The Iron Keels on the 1980's era Firsts were not encapsulated but treated and sealed castings bolted onto the keelson with Dacrotized bolts. Over time (on the average these keels are now 34 years old or so) the finish does break down and need replacement and the keels do develop rust spots. Rust invariably looks worse than the "damage" it reveals in that the volume of the "rust" that develops is about 600% of the volume of the iron that has been oxidized (or rusted). The fix is relatively simple, involving grinding or sand-blasting the keel surface down to clean iron, surfacing with a protective primer coating such as Petit RustLok, fairing with a decent fairing compound such as Petit's EZ-Fair, where necessary, and finally repainting with bottom paint primer and then paint.

The more salient question will be the integrity of the keel-hull joint and a clue to what's happened to the yacht vis-a-vis groundings disclosed by any damages to the bottom leading edge of the keel--hopefully none! One can evaluate the keel-hull joint by pulling one of the forward keel bolts while the boat is in or out of the water. (Freeing the bolts may take a bit of doing as they are torqued to an average of 150 lbs-ft.) If the bolts come out clean and dry, regardless of the condition of the exposed heads (they are, after all, in the bilge) the joint is good and can be left alone, even if one sees a bit of a "smile" along the leading edge of the joint. One merely has to re-torque the bolts, or replace them (preferred), in a star pattern and fair the edge of the joint with a flexible caulking compound that can be painted such as LifeCaulk. If a bolt comes out "wet" or there is evidence of damages to the bolt or moisture in the bolt hole, the keel should be dropped the interfaces between the keel and hull cleaned and smoothed, new caulking applied (keeping it away from the bolt holes so it doesn't squeeze into the thread channels as the keel and hull are rejoined) and, preferably new bolts installed and torqued. On this, the caulk should not be an adhesive such a 5200 or its weaker sister 4200 as some day, someone somewhere may want to remove the keel again and doing so with that stuff as a caulking compound makes separating the two a near impossibility with damages to one or the other. The preferred bolts are available from Beneteau though they may have to be shipped in (to the USA) and are, frankly, not inexpensive (but worth the expense IMHO!).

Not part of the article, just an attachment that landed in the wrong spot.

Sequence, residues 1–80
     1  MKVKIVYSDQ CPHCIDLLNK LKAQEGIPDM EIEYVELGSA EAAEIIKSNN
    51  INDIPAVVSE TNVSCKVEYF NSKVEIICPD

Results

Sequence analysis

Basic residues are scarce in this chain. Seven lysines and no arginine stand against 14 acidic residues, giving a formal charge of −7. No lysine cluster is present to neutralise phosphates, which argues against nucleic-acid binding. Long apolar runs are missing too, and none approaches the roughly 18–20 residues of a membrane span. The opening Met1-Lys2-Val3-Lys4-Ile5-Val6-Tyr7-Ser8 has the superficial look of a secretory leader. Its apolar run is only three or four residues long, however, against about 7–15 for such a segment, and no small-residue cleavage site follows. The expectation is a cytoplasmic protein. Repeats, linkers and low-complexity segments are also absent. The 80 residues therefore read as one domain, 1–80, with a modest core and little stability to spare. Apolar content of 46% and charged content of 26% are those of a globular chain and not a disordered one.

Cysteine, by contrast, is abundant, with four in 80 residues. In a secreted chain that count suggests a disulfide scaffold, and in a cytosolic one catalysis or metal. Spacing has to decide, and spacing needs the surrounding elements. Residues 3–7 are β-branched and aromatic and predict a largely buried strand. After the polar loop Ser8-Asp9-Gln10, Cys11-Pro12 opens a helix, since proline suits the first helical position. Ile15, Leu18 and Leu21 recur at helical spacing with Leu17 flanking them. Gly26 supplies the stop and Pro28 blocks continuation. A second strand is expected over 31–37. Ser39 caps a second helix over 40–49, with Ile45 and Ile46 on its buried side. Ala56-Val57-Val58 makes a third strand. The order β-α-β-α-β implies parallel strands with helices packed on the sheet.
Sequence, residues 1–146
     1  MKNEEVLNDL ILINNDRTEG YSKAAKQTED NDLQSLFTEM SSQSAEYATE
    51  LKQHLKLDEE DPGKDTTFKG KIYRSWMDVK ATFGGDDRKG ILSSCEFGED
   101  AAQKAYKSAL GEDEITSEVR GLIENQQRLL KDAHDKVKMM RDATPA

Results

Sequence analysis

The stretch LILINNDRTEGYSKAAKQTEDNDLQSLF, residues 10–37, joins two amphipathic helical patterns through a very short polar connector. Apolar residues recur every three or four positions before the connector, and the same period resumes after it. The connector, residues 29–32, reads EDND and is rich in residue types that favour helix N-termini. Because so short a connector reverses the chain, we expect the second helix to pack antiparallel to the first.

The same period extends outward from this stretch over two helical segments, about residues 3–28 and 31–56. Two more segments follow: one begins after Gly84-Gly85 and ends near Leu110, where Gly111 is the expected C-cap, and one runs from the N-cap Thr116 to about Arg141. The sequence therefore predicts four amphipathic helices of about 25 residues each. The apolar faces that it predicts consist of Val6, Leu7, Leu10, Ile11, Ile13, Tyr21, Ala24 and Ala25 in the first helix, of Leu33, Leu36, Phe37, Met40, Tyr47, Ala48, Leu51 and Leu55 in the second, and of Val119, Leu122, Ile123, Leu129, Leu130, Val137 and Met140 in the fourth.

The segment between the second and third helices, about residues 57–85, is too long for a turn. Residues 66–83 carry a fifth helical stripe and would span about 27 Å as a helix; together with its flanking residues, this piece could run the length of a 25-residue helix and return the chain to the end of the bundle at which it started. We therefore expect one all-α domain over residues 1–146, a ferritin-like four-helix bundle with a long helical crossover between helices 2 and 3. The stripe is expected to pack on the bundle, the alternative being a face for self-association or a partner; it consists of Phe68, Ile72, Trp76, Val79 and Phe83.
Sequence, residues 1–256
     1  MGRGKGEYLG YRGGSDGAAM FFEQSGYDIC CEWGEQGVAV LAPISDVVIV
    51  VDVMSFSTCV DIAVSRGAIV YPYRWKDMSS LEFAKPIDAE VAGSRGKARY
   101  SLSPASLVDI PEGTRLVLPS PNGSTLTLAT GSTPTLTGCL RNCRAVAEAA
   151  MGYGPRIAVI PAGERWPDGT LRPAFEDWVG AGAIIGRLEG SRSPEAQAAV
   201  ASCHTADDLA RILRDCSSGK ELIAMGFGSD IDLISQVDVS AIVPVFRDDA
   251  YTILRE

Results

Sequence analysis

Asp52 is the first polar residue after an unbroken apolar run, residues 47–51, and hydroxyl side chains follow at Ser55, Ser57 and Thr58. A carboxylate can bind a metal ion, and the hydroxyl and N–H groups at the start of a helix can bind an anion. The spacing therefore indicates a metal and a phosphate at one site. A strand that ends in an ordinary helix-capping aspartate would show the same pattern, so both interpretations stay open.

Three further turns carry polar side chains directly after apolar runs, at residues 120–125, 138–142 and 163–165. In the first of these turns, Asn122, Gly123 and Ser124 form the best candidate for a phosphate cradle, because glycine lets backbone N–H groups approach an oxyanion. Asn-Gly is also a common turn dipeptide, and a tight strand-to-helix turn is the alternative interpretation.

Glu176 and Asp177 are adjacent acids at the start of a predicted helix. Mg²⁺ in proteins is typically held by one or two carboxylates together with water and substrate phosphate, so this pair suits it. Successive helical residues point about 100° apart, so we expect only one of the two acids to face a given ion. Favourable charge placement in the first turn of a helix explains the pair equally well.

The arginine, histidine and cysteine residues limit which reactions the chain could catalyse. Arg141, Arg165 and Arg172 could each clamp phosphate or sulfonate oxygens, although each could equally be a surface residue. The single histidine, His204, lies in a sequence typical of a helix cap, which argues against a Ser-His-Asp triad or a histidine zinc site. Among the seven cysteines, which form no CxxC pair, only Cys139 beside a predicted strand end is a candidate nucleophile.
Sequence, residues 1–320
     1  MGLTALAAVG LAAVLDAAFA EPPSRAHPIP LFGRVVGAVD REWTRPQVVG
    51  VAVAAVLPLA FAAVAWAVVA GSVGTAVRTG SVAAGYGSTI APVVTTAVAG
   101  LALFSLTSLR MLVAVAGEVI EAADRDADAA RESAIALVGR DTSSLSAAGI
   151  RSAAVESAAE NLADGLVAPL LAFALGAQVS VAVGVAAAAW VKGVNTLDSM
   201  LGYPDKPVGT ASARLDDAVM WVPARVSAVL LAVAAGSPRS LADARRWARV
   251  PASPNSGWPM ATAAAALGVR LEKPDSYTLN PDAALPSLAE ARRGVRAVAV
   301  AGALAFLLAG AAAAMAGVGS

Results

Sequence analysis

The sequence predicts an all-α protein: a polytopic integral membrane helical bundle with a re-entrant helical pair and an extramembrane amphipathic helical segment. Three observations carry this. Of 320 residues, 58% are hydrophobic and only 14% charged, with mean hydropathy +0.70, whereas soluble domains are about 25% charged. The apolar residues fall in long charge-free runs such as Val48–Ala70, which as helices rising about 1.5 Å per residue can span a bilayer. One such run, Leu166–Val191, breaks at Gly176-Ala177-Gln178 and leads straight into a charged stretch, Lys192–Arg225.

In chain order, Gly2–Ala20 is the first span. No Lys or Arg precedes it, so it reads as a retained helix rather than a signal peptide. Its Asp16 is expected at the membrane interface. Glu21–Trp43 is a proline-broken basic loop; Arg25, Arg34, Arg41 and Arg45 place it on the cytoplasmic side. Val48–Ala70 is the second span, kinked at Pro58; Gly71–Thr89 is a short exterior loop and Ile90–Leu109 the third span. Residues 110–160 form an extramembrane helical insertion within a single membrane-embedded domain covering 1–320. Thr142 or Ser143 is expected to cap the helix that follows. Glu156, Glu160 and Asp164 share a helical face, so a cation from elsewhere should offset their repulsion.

FWIW...

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post #36 of 40 Old 02-23-2019
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Re: Benataeu grid construction

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Originally Posted by newbie3 View Post
I suppose more specifically, I'm trying to find out if there's anything worth investigating that can put some doubt on the results. Or are these results concrete?

Is this a sign that the stringers and framing are destroyed? Or could they be intact and the bones are still solid?

Any chance what the surveyor found as delamination is only cosmetic? Or is there no doubt that this sailboat is no longer fit for use?
The grid IS the bones of that boat.

Why did you employ a surveyor if you are not going to listen to their recommendations?